4

I was trying to parse some nginx config

λ tree sites-enabled/ sites-available/
sites-enabled/
├── bank.cwrcoding.com.conf
├── calendar.cwrcoding.com.conf
├── cloud.cwrcoding.com.conf
├── cwrcoding.com.conf
├── drive.cwrcoding.com.conf
├── groups.cwrcoding.com.conf
├── mail.cwrcoding.com.conf
├── sites.cwrcoding.com.conf
├── studentenverwaltung.cwrcoding.com.conf
├── wekan.cwrcoding.com.conf
└── www.cwrcoding.com.conf
sites-available/
├── bank.cwrcoding.com.conf
├── calendar.cwrcoding.com.conf
├── cloud.cwrcoding.com.conf
├── cwrcoding.com.conf
├── drive.cwrcoding.com.conf
├── groups.cwrcoding.com.conf
├── mail.cwrcoding.com.conf
├── sites.cwrcoding.com.conf
├── studentenverwaltung.cwrcoding.com.conf
├── wekan.cwrcoding.com.conf
└── www.cwrcoding.com.conf

The sites-enabled/* files each contain a single line:

include sites-availabe/cwrcoding.com.conf;

When trying to iterate over the sites-enabled/* files, cutting those and trying to read their contents as files, I got some weird error, so I tried a minimalistic working solution, and working my way up from there, but yet the following happens:

λ for enabled in sites-enabled/*
> do
> echo "$(cat "$enabled") |"
> echo ==========
> done
include sites-available/bank.cwrcoding.com.conf; |
==========
 |clude sites-available/calendar.cwrcoding.com.conf;
==========
 |clude sites-available/cloud.cwrcoding.com.conf;
==========
 |clude sites-available/cwrcoding.com.conf;
==========
 |clude sites-available/drive.cwrcoding.com.conf;
==========
 |clude sites-available/groups.cwrcoding.com.conf;
==========
 |clude sites-available/mail.cwrcoding.com.conf;
==========
 |clude sites-available/sites.cwrcoding.com.conf;
==========
 |clude sites-available/studentenverwaltung.cwrcoding.com.conf;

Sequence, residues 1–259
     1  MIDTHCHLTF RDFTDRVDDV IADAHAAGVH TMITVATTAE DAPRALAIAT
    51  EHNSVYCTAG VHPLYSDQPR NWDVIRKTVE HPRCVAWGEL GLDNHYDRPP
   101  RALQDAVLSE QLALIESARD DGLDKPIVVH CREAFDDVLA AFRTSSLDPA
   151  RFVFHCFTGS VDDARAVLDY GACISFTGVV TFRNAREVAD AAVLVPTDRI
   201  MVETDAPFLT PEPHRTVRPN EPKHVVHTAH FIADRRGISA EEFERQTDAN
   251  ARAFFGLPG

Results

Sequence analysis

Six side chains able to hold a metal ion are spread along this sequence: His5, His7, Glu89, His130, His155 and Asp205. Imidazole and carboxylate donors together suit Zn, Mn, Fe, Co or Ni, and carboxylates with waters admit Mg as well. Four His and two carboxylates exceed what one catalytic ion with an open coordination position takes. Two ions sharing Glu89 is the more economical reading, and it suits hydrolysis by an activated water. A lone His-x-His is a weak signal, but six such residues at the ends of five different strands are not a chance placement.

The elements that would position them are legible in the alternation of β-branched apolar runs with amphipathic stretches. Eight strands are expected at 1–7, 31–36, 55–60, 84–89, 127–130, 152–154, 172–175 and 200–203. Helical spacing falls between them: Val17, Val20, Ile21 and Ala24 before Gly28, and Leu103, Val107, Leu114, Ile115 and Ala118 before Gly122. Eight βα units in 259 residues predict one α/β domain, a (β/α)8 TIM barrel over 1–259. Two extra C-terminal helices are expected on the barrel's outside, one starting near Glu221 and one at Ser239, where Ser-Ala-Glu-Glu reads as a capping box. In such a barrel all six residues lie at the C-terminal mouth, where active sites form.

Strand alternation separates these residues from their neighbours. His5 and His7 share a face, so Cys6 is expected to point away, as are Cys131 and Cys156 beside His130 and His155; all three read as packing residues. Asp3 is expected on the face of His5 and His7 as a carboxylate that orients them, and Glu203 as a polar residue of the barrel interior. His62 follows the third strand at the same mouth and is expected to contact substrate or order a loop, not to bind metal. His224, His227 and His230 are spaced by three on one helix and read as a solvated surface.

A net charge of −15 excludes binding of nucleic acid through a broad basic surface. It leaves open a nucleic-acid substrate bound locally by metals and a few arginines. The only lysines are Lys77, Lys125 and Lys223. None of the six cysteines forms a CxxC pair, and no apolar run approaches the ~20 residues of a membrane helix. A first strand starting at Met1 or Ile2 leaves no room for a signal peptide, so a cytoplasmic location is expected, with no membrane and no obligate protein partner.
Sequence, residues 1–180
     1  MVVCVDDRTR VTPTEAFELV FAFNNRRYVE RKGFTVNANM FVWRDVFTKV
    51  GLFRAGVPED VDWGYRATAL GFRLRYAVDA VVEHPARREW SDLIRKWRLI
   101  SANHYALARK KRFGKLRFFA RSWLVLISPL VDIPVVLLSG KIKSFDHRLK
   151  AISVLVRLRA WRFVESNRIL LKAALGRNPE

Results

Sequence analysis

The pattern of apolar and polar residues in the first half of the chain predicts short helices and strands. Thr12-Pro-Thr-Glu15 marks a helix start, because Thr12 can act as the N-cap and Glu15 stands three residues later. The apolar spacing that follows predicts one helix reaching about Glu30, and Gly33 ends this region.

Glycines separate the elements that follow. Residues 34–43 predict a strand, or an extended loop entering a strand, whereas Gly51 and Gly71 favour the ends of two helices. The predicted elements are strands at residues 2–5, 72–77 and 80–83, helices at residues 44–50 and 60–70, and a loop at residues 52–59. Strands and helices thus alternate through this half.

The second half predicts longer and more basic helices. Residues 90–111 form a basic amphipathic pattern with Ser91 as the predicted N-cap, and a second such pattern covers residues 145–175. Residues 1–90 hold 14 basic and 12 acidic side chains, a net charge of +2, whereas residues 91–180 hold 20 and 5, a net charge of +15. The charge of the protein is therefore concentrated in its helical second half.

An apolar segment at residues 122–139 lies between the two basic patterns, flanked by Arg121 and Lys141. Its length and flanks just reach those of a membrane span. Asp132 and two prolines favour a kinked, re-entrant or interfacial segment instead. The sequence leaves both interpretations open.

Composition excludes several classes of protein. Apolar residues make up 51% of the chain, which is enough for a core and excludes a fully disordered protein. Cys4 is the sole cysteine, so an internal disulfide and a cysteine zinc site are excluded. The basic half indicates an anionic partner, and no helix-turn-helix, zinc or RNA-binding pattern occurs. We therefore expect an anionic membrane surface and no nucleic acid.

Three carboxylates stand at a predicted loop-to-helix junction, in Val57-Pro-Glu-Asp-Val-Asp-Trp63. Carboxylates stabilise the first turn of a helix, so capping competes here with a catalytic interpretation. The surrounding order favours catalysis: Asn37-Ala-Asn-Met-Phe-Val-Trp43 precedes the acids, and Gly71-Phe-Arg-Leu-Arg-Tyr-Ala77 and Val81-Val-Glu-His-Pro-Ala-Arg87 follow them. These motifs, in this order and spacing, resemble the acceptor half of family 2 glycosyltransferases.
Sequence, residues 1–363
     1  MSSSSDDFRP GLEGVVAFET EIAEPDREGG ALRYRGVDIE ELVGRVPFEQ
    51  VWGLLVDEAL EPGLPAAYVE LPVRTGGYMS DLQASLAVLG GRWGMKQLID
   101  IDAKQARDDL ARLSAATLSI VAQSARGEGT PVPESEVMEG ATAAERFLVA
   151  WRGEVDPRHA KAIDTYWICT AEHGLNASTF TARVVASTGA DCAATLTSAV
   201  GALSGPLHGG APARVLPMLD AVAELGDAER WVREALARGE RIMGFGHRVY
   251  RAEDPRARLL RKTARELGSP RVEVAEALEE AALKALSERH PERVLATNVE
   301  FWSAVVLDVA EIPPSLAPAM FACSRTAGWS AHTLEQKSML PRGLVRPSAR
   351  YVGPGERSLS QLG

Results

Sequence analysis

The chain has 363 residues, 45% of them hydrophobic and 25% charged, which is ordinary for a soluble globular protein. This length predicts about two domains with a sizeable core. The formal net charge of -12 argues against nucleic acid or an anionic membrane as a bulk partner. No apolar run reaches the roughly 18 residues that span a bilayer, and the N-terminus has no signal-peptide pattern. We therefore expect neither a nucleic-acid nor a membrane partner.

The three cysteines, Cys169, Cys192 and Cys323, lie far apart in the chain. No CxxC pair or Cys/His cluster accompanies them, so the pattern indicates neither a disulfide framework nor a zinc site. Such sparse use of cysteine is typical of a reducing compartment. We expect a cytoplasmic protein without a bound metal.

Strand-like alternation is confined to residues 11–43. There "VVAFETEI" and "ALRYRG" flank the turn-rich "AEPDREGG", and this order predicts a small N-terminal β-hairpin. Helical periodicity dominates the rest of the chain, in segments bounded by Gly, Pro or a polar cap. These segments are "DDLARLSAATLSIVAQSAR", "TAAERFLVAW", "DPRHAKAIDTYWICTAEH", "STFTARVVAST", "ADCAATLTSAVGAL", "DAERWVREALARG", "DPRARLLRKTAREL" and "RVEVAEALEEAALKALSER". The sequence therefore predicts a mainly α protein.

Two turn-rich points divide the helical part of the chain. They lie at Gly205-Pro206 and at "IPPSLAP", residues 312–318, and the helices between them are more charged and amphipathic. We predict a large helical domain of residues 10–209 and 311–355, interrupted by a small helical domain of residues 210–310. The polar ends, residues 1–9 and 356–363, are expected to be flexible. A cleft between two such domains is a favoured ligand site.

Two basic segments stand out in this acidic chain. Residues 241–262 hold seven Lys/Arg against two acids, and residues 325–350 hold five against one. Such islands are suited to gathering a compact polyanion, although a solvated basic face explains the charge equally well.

==========
include sites-available/wekan.cwrcoding.com.conf; |
==========
 |clude sites-available/www.cwrcoding.com.conf;
==========

As you can see, for most of the sites the first characters of the cat output are replaced by the text supposed to be after the command substitution.

Can anyone explain what is happening? Or have I found some bug?

If you want to take a look at the files: https://github.com/cwrau/nginx-config

  • This doesn't really solve the question you're asking, but depending on exactly how you want the output formatted, you might want to take a look at the paste program. – David Z Jan 8 '18 at 23:09
9

The problem is that your files have DOS/Windows-style line-endings. As a quick work-around, replace:

echo "$(cat "$enabled") |"

With:

echo "$(tr -d '\r' <"$enabled") |"

Here, tr removes the carriage-return character before the file is displayed, avoiding the problem.

If your files are intended to be used on a Unix system, however, you would be better off removing the carriage-returns from the files themselves using one the dos2unix or similar utilities.

Example

Let's create two DOS-style files:

$ echo 'include sites-availabe/cwrcoding.com.conf;' | unix2dos > sites-enabled/file1
$ echo 'include sites-availabe/cwrcoding.com.conf;' | unix2dos > sites-enabled/file2

Let's run the original command:

$ for enabled in sites-enabled/*; do echo "$(cat "$enabled") |"; echo ==========; done
 |clude sites-availabe/cwrcoding.com.conf;
==========
 |clude sites-availabe/cwrcoding.com.conf;
==========

Note the mangled output.

With tr applied, we receive the output that we expect:

$ for enabled in sites-enabled/*; do echo "$(tr -d '\r' <"$enabled") |"; echo ==========; done
include sites-availabe/cwrcoding.com.conf; |
==========
include sites-availabe/cwrcoding.com.conf; |
==========
  • 1
    Thank you, that's exactly it! Now to remove those pesky carriage-returns :D – Chris Werner Rau Jan 8 '18 at 19:43
  • 2
    Look into dos2unix. – DopeGhoti Jan 8 '18 at 20:20

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